Although hip dislocation combined with acetabular fracture is not an uncommon injury, anterior acetabular wall fractures rarely occur in patients who have posterior fracture-dislocations of the hip. This article presents a unique case of anterior and posterior wall fractures of the ipsilateral acetabulum in a patient who sustained traumatic posterior hip dislocation that resulted from a high-speed motor vehicle accident. The initial imaging evaluation, which did not include the obturator oblique view, revealed no concomitant anterior acetabular wall fracture. Repeated manipulative reductions were unsuccessful in reducing the displaced hip joint. Pelvic computed tomography (CT) scans revealed the initially missed anterior acetabular wall fracture fragments incarcerated in the left hip joint in addition to the hip dislocation and the posterior acetabular wall fracture. The incarcerated bone fragments lay between the anterior wall and the femoral head, and between the posterior wall and the femoral head, which appeared to derive from both anterior and posterior acetabular walls, respectively. Open reduction and internal fixation was performed to manage the posterior dislocation and associated acetabular fractures. Intraoperatively, the major anterior wall fragment was used to reconstruct the defected posterior wall. This case highlights the necessity of suspicion and pre- and postoperative monitoring of the obturator oblique view and CT scans to detect the potentially existing anterior acetabular wall fracture. Early surgical intervention is important to guarantee satisfactory outcomes of such complex fracture-dislocation injuries.

Traumatic hip dislocation accounts for 2% to 5% of all dislocations.1 The majority is posterior hip dislocation. Hip dislocation is a severe injury with the potential for significant complications and long-term patient morbidity. Hip dislocation combined with acetabular fracture is not an uncommon injury. However, anterior acetabular wall fractures rarely occur in patients who have posterior fracture-dislocations of the hip. This article presents a rare case of posterior hip dislocation with fractures of both the posterior and the anterior acetabular wall.

Case Report

A 23-year-old man was injured in a motorcycle/automobile accident. The patient was driving a motorcycle at a high speed with both hip and knee joints flexed at approximately 90° and the thigh rotated externally when he collided with a vehicle approaching from the opposite direction and was struck on the left side of his body. He lost consciousness immediately and sustained severe injury to the head, left upper arm, and left lower extremity.

At presentation, the patient was hemodynamically unstable with a systolic blood pressure of 60 mm Hg, a diastolic pressure of 40 mm Hg, and a heart rate of 140 bpm. His vital signs were beyond normal limits.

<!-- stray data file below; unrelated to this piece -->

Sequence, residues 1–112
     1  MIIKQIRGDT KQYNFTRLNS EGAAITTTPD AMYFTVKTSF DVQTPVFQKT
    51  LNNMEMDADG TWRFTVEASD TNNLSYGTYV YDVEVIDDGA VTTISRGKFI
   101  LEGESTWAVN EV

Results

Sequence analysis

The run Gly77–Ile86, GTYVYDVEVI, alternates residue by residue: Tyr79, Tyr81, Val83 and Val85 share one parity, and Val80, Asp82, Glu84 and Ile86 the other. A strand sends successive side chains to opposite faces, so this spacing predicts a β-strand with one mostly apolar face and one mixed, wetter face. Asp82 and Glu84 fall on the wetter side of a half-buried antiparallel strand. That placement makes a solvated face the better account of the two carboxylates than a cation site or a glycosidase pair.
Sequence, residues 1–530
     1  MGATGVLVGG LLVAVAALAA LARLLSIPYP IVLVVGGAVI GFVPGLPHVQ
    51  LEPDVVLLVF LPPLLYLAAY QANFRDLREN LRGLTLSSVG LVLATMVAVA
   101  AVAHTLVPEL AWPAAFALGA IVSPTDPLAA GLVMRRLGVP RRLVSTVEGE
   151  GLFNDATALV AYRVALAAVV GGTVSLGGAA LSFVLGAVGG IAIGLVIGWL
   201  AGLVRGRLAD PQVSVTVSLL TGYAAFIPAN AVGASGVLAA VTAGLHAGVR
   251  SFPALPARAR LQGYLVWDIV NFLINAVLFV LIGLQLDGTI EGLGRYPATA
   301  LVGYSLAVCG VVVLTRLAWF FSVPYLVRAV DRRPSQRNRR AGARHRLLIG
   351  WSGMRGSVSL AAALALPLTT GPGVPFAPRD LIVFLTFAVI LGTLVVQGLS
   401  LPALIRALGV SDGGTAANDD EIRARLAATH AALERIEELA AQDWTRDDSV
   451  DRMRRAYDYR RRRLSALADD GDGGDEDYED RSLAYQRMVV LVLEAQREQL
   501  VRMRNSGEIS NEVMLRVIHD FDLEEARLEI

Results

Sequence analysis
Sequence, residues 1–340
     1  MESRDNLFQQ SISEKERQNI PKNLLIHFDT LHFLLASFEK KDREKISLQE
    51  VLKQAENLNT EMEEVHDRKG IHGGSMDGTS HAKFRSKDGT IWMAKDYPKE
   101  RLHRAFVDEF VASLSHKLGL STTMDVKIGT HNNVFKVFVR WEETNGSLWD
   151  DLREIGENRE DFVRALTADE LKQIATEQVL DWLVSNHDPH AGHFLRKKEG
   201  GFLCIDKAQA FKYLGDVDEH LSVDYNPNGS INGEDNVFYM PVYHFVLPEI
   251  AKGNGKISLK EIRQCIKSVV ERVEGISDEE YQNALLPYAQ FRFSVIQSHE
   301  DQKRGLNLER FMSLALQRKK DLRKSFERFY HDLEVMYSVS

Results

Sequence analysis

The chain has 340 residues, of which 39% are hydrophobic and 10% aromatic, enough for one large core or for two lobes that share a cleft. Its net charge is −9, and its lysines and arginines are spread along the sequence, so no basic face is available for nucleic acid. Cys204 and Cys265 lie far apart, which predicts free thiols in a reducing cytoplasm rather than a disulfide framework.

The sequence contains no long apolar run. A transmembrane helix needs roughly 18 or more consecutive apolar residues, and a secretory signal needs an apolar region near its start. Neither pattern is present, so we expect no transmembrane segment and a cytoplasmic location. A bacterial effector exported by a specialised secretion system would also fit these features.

Physical examination revealed that the patient was in a coma with bleeding and obvious abnormality of the head, face, eye, nose, and left upper and lower extremities. A shortened, internally rotated, adducted lower extremity in slight flexion was observed. He was diagnosed with traumatic shock and multiple fractures. Initial resuscitation was performed successfully.

Anteroposterior (AP) and iliac oblique radiographs of the left pelvis demonstrated posterior dislocation of the left hip concomitant ipsilateral posterior acetabular wall fracture (Figure 1); fractures of the femoral shaft, intercondyloid eminence, patella, and left humeral shaft; and multiple craniofacial fractures.

Figure 1A: Excellent hip joining in childhood Figure 1B: Excellent hip joining at age 19 Figure 1C: Excellent hip joining in childhood
Figure 1D: Excellent hip joining in childhood Figure 1E: Excellent hip joining at age 19
Figure 1F: Excellent hip joining at age 19

Figure 1: AP (A) and iliac oblique (B) radiographs revealed the posterior hip dislocation and the posterior acetabular wall fractures. Horizontal (C, D) and 3-D reconstructed AP (E) and posterior (F) CT scans showed the fracture fragments from the anterior and posterior acetabular wall were incarcerated between the femoral head and the anterior and posterior walls.

Fractures of the left femoral shaft and the humeral shaft were managed with external fixators in the emergency department. Repeated manipulative reductions failed to reduce the displaced hip joint. Pelvic computed tomography (CT) scans revealed anterior acetabular wall fracture fragments incarcerated in the left hip joint in addition to the hip dislocation and the posterior acetabular wall fracture. The incarcerated bone fragments in the hip joint prevented hip manipulative reduction (Figure 1).